Brexit: impact on employment law and EU workers

What effect will Brexit have on employment law?

Many significant areas of employment law are based on EU law, such as working time rights and employee rights on the transfer of a business under TUPE. After the UK leaves the EU, with or without a deal, EU employment law will be converted into UK law. Depending on the terms of any deal reached with the EU, workers’ rights under EU law should continue to apply during any transition period.

The government has announced its commitment to maintaining workers’ rights beyond the end of the transition period. According to an announcement in March 2019, this means that whenever Parliament considers a new law which could affect pre-Brexit employment rights, the government will have to make a statement on whether the new law honours this commitment. Parliament will also be given the opportunity to vote on whether any new EU employment law should be introduced in the UK.

If the UK leaves without a deal, the government may introduce legislation to change these rights without having to keep to the minimum standards set under EU law, for example limits on working time and agency workers’ rights. While the government may no longer be legally restricted from making changes, political considerations will come into play when thinking of rowing back on long-established workers’ rights.

However, with Theresa May’s recent cross-party effort to agree an approach to Brexit, the Labour Party may now have a much greater influence on how worker rights are affected going forward. Labour has consistently said that worker’s rights must be protected as a priority under any Brexit deal, as well as calling for a Customs Union. Any agreement reached between the two main political parties is therefore likely to have to go further than the Government previously intended to ensure worker’s rights are unchanged.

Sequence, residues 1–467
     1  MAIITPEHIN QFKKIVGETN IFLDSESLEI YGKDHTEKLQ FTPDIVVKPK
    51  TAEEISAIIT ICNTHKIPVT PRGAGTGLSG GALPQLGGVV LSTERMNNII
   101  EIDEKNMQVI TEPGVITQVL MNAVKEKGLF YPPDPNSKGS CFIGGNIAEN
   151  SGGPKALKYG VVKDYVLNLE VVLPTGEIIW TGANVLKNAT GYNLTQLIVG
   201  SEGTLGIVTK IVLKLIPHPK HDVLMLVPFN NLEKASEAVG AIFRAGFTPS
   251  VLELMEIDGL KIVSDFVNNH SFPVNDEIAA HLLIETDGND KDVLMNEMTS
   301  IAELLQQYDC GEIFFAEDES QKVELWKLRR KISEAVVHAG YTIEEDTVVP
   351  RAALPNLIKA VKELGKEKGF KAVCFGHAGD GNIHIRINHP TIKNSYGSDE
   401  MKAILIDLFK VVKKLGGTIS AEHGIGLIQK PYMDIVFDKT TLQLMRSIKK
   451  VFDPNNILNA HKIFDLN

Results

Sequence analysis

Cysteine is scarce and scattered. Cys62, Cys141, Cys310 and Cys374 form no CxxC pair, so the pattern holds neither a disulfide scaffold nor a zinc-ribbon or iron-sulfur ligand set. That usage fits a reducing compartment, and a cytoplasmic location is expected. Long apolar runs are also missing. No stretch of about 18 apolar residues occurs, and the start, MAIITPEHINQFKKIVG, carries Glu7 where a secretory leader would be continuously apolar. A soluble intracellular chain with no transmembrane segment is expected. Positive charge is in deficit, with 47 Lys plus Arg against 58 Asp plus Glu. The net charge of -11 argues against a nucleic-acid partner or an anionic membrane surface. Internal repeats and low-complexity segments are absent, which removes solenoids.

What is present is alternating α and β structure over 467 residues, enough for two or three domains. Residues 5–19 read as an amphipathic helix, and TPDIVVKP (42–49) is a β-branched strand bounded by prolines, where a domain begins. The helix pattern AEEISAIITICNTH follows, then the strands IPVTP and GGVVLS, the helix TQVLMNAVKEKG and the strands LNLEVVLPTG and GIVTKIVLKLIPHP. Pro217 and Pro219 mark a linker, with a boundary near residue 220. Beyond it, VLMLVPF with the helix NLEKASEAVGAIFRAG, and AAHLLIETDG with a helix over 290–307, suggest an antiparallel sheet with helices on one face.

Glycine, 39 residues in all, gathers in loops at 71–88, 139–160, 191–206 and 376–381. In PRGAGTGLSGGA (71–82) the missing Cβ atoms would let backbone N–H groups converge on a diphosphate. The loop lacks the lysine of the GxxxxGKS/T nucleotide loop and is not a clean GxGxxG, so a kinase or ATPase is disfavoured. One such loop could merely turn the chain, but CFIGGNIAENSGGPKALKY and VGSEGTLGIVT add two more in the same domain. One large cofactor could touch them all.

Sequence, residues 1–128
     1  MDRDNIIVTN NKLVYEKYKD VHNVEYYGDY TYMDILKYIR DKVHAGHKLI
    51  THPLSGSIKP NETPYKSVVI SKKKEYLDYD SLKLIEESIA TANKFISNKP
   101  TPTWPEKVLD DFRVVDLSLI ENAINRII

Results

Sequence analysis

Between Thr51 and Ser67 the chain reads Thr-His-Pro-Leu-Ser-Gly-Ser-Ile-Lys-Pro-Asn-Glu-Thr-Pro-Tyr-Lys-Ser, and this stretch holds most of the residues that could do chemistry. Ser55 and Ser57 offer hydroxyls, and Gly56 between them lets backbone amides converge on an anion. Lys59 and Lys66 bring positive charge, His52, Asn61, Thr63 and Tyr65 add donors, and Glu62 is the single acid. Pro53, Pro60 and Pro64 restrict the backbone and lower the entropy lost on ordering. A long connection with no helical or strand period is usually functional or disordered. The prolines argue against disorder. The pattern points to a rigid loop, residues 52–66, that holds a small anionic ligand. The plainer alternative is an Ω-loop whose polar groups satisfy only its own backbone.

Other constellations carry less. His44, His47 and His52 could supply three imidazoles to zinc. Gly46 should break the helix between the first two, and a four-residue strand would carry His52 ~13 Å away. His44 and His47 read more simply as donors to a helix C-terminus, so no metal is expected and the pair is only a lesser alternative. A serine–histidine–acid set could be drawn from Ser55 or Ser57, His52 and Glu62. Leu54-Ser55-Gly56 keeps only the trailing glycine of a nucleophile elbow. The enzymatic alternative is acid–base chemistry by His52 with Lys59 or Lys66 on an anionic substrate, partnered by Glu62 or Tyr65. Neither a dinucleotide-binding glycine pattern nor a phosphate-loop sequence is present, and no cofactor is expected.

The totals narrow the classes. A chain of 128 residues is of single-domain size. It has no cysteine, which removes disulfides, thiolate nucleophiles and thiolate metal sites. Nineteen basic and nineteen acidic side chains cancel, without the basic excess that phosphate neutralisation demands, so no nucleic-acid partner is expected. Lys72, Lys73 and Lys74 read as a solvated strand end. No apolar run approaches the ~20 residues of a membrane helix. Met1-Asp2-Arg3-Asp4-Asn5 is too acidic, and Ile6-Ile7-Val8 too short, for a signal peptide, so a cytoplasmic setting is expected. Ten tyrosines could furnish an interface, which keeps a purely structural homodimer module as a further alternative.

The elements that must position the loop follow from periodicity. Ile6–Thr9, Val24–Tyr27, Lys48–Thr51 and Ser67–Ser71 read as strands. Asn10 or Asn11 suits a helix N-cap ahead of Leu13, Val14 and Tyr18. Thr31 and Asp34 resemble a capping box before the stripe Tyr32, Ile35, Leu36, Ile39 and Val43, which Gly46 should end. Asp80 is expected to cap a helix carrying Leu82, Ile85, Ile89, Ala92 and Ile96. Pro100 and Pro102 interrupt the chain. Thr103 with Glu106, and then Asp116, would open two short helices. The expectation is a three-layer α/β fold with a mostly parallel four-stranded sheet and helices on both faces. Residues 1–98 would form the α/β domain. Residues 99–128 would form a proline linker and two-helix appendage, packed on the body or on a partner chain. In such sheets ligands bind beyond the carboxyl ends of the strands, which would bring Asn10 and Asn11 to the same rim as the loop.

What effect will Brexit have on EU workers?

The fate of EU workers in the UK depends on whether a deal is reached or not. If the UK’s agreement with the EU on citizens’ rights is put in place, there will be a transition period until 31 December 2020. Until that date, EU citizens in the UK will be able to apply under the settlement scheme for the right to stay indefinitely if they have five years’ residency here. More recent arrivals who have not been resident for five years by 31 December 2020, will be able to apply for pre-settled status to enable them to accrue the five years’ residency.

If there is a no-deal Brexit, only those EU citizens who are already resident in the UK on the date of leaving would be able to apply for settled status. It is expected that a new immigration system would come into force on 1 January 2021. Until then, EU citizens wishing to stay longer than three months in the UK will need to apply for European temporary leave to remain.

Employers of EU workers should continue to support them in making applications under the settlement scheme. Those employers who rely on EU workers should identify areas of the business that are particularly at risk if there are fewer EU workers coming to the UK and look into ways of mitigating the risks.

Chris Tutton